Just like the first group of Wildcards, this second group thoroughly impressed and entertained. Their message was clear: they may not have made it in to the top 30 but they can still give them a run for their money!
Replay by Angie Farrow set the bar high, kicking things off on a great note. A lover’s spat between Bethany and Jeremiah becomes a twisted cycle of voluntary “do overs” when repeated attempts at manslaughter keeps getting thwarted. I thoroughly enjoyed the humor as well as the comical humping on stage…albeit it felt a tad awkward with kids in the crowd! I liked the clever play and inventive spin on Groundhog Day and also the way the other characters made their entrance into the story.
Matapihi’s Pëhanga (Pressure) showcases another couple in a domestic dispute but in a more serious light. I thought Rangi Rangitukunoa and Roimata Fox’s performances were really excellent – moving, heartfelt and passionate. While it is definitely more melodrama than comedy, I appreciated the humor that was peppered throughout the dialogue; kept things from getting too intense.
I thought Theatre of Love’s Moaner was clever, witty and an original way of telling a story that has been told before. (As many would already know, the idea of talking paintings has already been explored by one infamous series about a certain boy wizard…) Posing as paintings, there wasn’t much in terms of movement but how the story came to life was through the conversations between the works of art. The script was very well-crafted and the actors did a brilliant job executing it, delivering their lines full of attitude and personality. I especially liked James Wenley’s portrayal of the iconic sculpture of David by Michelangelo.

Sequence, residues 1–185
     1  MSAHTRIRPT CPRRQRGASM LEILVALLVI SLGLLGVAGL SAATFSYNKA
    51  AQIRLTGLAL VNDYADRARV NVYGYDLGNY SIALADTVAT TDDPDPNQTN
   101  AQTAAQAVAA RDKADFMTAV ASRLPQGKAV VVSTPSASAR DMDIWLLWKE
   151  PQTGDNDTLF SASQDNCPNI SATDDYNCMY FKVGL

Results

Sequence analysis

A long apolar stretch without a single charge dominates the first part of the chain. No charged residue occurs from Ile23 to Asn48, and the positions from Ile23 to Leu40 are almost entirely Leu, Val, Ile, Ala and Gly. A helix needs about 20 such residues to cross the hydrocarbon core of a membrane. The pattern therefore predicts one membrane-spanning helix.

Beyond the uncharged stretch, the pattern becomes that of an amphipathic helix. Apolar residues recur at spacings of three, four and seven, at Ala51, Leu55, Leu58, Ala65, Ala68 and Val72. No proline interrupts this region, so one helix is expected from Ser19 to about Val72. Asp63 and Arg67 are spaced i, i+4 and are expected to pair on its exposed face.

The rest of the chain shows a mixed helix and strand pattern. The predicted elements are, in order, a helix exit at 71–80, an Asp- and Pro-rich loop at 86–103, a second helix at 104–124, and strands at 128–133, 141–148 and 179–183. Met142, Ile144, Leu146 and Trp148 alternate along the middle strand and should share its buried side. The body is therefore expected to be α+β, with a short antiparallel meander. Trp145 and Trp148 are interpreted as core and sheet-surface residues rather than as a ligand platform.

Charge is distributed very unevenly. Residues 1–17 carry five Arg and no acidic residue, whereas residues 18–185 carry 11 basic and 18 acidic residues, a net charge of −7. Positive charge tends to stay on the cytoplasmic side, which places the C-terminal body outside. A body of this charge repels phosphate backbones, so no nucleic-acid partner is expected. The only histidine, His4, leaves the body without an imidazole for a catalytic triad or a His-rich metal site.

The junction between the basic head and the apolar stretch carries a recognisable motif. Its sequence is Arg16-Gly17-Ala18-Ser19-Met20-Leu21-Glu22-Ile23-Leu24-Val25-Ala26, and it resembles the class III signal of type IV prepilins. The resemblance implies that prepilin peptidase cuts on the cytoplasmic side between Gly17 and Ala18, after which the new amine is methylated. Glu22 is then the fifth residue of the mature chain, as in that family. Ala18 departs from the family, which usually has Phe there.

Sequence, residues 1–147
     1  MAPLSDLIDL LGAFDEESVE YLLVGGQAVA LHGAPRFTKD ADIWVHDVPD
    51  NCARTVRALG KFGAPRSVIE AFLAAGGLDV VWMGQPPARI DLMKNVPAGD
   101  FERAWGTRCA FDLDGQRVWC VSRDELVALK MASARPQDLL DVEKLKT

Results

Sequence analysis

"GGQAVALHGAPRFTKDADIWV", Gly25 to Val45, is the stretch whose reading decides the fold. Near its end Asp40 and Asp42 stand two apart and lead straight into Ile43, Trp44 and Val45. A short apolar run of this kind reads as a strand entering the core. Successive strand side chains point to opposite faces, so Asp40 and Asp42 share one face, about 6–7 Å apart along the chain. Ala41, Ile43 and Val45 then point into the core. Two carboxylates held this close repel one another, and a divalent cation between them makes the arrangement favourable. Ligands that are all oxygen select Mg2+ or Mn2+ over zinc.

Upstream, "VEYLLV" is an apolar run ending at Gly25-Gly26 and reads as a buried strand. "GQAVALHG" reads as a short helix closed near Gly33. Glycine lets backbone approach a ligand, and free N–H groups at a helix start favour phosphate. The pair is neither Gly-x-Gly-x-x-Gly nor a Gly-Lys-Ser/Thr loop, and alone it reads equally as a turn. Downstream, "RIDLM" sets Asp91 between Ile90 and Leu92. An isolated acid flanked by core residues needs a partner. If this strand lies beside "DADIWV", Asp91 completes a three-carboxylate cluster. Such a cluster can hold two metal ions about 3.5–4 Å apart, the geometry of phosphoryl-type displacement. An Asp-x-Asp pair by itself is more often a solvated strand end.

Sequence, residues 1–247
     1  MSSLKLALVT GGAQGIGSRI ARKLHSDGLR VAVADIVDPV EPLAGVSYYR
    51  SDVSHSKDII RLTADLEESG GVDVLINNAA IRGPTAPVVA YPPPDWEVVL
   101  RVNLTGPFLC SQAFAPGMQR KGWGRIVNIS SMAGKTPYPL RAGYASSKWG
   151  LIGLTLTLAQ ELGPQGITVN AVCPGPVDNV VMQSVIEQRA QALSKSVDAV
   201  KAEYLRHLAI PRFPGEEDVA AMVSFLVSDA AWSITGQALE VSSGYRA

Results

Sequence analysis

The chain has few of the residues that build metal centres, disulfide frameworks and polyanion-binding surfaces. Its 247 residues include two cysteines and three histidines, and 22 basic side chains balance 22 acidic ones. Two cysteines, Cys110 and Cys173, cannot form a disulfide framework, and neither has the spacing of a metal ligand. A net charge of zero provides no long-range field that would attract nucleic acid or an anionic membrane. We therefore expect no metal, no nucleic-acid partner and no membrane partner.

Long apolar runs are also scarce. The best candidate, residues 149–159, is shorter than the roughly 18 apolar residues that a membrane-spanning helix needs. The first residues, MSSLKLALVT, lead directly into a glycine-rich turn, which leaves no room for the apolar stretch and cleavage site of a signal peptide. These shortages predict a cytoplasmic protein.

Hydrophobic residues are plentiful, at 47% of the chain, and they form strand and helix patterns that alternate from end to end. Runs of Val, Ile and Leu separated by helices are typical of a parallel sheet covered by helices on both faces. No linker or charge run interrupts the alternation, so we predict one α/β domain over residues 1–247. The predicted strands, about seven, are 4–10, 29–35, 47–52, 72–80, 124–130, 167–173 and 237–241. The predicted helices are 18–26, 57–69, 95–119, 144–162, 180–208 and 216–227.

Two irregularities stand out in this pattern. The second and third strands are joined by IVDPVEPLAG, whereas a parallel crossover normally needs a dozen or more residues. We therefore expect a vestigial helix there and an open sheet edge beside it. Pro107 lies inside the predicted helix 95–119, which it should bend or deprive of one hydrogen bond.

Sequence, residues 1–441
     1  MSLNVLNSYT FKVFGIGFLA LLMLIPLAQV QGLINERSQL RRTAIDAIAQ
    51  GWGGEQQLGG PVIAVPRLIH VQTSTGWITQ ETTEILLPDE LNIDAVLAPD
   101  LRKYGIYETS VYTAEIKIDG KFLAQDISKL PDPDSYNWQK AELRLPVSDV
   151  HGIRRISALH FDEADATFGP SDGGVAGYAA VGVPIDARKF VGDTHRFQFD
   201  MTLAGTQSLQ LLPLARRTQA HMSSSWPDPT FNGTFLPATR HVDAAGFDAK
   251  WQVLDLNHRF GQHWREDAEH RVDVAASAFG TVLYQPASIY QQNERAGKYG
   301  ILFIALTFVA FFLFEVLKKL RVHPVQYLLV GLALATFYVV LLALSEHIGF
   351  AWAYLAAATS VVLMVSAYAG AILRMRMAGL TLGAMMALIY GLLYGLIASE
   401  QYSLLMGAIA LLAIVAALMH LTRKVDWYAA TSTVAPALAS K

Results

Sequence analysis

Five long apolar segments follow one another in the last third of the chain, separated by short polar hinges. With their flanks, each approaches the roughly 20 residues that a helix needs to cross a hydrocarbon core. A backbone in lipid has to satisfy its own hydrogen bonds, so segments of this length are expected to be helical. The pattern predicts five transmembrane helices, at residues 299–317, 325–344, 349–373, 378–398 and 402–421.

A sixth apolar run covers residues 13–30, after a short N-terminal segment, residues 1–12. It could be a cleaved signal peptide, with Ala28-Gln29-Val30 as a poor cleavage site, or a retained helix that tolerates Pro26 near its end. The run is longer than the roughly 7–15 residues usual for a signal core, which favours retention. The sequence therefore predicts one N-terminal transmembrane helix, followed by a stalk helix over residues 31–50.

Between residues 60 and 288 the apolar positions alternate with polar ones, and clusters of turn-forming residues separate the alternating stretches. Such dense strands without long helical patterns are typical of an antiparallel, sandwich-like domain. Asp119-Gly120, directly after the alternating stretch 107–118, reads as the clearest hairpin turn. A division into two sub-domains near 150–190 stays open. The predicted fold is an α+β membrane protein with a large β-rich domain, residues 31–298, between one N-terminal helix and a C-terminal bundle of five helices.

Part monologue, part comedy of errors with a dark twist is probably the best way I can think of to describe Coma Sutra by Kate Toon. We meet Matt who introduces himself to the audience directly, breaking the Fourth Wall, before proceeding to tell us his woeful story of how he came to be where he is today. Tim McPoland is perfectly cast as Matt and I don’t know if his disturbingly gaunt physique was intentional or not but it did actually enhance the performance. Personally I didn’t think Suze needed to be there; it worked perfectly fine as a one man show.
The two plays that left me a bit cold and confused were MigHT-i Theatre’s Mirage and Just Desserts by Kelley Baker in the second half. With Mirage, I did like the irony of the migrated family being more faithful to the Indian culture and traditions than the family who are actually living in India. The concept was definitely there and had great potential, it was just not executed as well as it could have been. The performance itself was a bit rough around the edges with some obvious mistakes and continuity issues which was most unfortunate.